Sleep Disorder Resources

Medically Reviewed by Neha Pathak, MD on September 16, 2021

The more you know about your sleep disorder, the better you can take charge of it. Along with talking to your doctor, you can find extra information and support on the internet through nonprofit groups, online communities, and blogs.

Resources like these can help you learn about your sleep disorder, get tips for better shut-eye, and meet other people who understand what you’re going through.

Even though blogs and online communities can offer emotional support and fresh points of view, they’re not meant for medical advice. You also want to be cautious about the content you view. Ask yourself questions like these when you check out an internet resource:

  • Who runs this site or app?
  • Does it make claims that seem too good to be true?
  • Is it trying to sell you something?
  • Is the information up to date, doctor-reviewed, and based on science?

These nonprofit groups offer support and information about some common sleep disorders:

Certain sleep disorders can raise your chances of getting other health problems. Here are a couple of nonprofit sites for related conditions:

Some nonprofits have medically reviewed blogs that offer tips for living better and news about sleep disorders. Plus, plenty of people with sleep disorders share their personal stories in written or video blogs. These can be eye-opening and helpful, but you shouldn't use them for medical advice. Stick to your treatment plan, and talk to your doctor before you try any supplement or over-the-counter remedy that a blogger recommends.

Some of the nonprofits listed above are on one or more social media platforms. You can check their homepage or "About Us" and "Contact Us" sections for links to their social media accounts.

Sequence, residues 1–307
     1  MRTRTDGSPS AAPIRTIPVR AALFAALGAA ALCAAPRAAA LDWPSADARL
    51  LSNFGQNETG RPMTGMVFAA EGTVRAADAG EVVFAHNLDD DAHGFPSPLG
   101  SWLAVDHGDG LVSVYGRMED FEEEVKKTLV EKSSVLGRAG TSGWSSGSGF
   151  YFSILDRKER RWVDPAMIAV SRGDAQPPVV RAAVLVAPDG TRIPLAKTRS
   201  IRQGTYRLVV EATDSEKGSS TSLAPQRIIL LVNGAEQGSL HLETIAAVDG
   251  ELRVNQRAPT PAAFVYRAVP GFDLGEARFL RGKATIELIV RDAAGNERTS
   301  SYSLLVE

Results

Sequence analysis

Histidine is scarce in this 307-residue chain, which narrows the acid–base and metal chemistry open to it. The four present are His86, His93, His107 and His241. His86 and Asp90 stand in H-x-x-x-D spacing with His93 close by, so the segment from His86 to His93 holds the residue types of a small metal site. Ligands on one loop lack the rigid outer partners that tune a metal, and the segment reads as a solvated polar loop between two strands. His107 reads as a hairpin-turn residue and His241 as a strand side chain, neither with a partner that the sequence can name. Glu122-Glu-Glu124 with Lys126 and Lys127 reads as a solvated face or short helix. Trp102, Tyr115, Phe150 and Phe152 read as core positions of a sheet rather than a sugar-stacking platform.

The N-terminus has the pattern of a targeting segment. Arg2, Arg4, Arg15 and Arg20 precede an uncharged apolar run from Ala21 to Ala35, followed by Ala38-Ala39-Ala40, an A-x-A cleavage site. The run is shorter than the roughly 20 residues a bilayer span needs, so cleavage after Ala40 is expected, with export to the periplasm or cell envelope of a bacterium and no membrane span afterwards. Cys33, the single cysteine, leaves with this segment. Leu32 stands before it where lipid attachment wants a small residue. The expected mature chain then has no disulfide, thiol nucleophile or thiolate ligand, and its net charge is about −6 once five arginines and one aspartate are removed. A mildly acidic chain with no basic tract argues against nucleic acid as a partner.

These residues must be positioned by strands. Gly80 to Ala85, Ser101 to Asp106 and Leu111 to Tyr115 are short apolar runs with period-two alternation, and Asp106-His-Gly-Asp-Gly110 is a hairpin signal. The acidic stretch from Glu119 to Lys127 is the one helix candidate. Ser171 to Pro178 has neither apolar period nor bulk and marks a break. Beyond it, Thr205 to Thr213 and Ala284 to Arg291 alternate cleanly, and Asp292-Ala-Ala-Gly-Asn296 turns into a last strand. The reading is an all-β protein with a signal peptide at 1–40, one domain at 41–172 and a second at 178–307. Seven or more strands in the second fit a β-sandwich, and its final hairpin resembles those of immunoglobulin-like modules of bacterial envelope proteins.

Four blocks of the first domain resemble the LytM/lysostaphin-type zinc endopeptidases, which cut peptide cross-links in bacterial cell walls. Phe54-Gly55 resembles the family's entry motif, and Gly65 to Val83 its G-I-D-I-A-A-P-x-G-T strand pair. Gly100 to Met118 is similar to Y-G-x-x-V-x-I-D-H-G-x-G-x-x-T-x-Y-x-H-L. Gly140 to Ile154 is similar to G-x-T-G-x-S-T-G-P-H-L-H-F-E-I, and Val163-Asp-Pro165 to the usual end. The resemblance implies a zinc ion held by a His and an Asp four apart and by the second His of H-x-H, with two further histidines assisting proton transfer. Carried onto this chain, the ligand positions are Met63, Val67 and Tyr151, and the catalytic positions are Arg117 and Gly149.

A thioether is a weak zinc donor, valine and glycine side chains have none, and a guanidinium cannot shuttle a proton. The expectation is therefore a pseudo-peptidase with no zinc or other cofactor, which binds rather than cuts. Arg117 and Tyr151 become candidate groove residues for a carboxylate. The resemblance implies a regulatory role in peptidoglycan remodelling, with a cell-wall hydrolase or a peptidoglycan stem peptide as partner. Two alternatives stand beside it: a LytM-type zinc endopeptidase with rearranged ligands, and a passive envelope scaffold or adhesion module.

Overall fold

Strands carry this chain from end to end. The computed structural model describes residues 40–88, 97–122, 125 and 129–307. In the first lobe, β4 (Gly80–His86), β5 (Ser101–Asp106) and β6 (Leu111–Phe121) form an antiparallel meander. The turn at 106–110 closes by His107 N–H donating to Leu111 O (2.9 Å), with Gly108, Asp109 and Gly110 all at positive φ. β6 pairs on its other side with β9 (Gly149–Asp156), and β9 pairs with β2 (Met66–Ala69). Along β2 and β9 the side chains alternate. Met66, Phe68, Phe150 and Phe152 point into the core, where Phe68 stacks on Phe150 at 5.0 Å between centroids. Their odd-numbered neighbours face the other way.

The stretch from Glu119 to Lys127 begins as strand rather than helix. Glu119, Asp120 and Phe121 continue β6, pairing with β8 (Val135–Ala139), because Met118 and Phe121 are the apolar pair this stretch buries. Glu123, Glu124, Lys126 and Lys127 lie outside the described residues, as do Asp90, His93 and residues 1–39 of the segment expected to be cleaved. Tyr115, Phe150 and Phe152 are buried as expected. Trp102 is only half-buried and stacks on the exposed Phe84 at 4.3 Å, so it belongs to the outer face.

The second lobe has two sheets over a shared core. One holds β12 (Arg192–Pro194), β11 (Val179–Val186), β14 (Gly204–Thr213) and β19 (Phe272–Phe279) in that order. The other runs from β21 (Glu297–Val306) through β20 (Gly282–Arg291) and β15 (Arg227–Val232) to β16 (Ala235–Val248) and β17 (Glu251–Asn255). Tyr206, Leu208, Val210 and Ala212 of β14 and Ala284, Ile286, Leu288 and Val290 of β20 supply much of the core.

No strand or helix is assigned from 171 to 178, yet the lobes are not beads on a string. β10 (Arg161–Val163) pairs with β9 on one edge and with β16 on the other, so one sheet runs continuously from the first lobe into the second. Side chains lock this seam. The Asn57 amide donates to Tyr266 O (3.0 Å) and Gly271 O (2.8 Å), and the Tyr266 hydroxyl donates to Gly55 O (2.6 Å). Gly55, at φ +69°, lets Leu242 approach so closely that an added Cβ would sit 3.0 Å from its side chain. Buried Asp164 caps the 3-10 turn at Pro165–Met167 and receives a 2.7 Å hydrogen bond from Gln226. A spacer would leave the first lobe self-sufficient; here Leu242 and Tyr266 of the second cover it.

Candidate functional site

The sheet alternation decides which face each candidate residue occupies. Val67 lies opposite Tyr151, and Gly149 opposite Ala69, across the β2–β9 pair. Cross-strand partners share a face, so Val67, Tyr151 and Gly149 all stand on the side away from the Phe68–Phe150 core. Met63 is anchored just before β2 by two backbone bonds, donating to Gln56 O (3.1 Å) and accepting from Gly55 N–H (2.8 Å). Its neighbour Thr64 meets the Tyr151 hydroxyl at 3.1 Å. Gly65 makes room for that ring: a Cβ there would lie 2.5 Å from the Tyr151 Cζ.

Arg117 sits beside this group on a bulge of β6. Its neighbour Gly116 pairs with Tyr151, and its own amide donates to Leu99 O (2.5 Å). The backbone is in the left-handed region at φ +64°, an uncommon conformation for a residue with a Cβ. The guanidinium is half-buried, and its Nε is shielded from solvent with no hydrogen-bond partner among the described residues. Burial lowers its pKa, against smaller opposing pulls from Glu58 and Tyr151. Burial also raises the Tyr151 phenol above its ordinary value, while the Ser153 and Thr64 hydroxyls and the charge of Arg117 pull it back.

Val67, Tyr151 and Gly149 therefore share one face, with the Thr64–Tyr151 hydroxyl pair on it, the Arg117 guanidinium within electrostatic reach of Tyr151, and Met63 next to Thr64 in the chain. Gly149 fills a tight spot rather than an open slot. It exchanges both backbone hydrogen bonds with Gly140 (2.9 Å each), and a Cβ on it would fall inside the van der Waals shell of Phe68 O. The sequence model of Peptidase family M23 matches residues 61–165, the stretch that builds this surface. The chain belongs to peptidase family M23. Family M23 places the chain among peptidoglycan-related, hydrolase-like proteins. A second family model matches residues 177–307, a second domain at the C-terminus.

Facebook. This site has lots of groups that connect you with other people who have sleep disorders, from insomnia to sleep apnea and more. Many of the groups are private, but usually all you have to do to join one is answer a few questions about yourself.

Reddit. This site is made up of online communities where you can meet people who share your interests. To find a forum about your sleep disorder, enter its name in the search bar at the top. You can join a forum to trade messages with people in it. But you don’t have to join one if you simply want to read what members are posting.

Popular hashtags. You can search for ones like #sleepdisorder, #insomnia, #restlesslegssyndrome, #sleepapnea, and #narcolepsy on social media platforms like Twitter, Instagram, and Facebook.

When you’re on social media, chances are you’re going to run into some information that isn’t fact-based or reliable. Take a few steps to make sure you’re getting quality info:

  • Check the source. A social media account that belongs to a reputable organization often has a bio that includes a link to the organization’s official website. Or, you could just visit that website to find correct links to its social networking sites.
  • Rely on verified accounts. Some social networking platforms use a symbol to show that an account has been verified, meaning it is what it claims to be.
  • Read carefully. As you scan a social media account’s posts, check to see if they stay on topic and are low on spammed junk content.


Show Sources


National Center for Complementary and Integrative Health: "Finding and Evaluating Online Resources."

CDC: "Sleep and Sleep Disorders: Resources."

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